“The human argument for setting aside vast stretches of the American desert as parks and preserves and wilderness and plain open space always includes the importance of unspoiled vistas. As the only real difference between Las Vegas and Death Valley is that we made a strategic decision to fill one with casino hotels and insurance company headquarters and neighborhoods while leaving the other more or less intact for the mutual benefit of humanity and the plants and creatures and ecosystems in such a mostly wild place.” Ken Layne, Desert Oracle, #016.
Death Valley prides itself on being the Hottest, Driest, and Lowest National Park. It, along with the deserts of Africa and the Middle East, is one of the hottest places on Earth, with temperatures exceeding 120ºF frequently during the summer months. In fact, the highest temperature ever recorded was 134ºF (56.7ºC) on July 10, 1913, at Furnace Creek. As its name implies, Death Valley is indeed made up of a series of basins, bordered by mountain ranges, of varying geologic characteristics. From the striped strata of the Last Chance Range, to the colorful, mineral-rich Funeral Mountains and the alien-like, almost science fiction-native, Amargosa Range.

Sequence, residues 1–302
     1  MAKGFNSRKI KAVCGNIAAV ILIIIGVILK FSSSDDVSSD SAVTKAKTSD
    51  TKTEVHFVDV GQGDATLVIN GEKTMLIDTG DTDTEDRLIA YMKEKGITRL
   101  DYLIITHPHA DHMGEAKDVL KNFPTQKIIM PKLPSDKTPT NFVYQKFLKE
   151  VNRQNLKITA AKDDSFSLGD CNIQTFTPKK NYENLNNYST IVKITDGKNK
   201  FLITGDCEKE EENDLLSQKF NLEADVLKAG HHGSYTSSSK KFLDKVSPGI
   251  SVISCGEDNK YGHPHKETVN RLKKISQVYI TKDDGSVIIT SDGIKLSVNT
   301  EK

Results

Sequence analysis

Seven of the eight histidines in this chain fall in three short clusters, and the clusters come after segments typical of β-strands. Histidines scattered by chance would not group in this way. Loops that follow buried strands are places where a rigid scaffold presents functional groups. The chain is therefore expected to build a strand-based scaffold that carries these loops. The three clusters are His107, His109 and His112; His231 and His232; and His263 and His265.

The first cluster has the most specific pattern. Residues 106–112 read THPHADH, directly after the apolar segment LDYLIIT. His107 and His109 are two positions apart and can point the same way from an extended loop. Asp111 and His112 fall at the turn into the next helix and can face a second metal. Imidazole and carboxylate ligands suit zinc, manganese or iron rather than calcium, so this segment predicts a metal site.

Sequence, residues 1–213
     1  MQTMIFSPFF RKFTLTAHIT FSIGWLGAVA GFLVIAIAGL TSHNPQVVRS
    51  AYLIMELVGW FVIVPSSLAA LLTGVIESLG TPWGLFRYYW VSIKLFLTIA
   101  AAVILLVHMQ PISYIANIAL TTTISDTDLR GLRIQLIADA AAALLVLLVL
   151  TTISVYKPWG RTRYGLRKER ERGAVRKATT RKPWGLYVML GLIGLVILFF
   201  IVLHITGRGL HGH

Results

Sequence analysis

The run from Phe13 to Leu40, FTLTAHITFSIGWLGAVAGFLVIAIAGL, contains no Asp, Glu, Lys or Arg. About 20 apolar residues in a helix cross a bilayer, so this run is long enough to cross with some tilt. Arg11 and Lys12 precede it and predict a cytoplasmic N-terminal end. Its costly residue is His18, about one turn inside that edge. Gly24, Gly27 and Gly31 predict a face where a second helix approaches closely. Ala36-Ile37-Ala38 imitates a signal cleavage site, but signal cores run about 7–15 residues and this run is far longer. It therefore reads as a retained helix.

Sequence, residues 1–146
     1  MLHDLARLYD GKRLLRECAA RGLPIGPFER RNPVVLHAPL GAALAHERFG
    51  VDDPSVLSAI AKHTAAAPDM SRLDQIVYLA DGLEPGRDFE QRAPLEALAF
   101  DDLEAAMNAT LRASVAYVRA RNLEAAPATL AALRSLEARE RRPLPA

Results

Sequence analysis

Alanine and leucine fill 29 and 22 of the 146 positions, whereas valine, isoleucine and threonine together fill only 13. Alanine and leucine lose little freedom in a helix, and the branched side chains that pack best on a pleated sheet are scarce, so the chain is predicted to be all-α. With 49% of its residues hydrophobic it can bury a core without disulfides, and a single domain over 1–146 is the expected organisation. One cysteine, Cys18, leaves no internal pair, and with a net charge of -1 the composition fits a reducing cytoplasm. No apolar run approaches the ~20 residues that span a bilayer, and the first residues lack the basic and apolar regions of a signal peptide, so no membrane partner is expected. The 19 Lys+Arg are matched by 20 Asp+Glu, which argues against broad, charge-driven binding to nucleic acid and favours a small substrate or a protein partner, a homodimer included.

When I received my ILE Mark II prototype, I was stoked to see Eric using the military-designed MOLLE system. MOLLE is an acronym for MOdular Lightweight Load-carrying Equipment and it looks like Eric isn’t the only cycling bag maker to re-appropriate it for his portage line. Roland at REload has a forthcoming MOLLE Collection in the works. Soon you’ll be able to purchase any of the REload bags with a completely integrated MOLLE system. What does that mean though?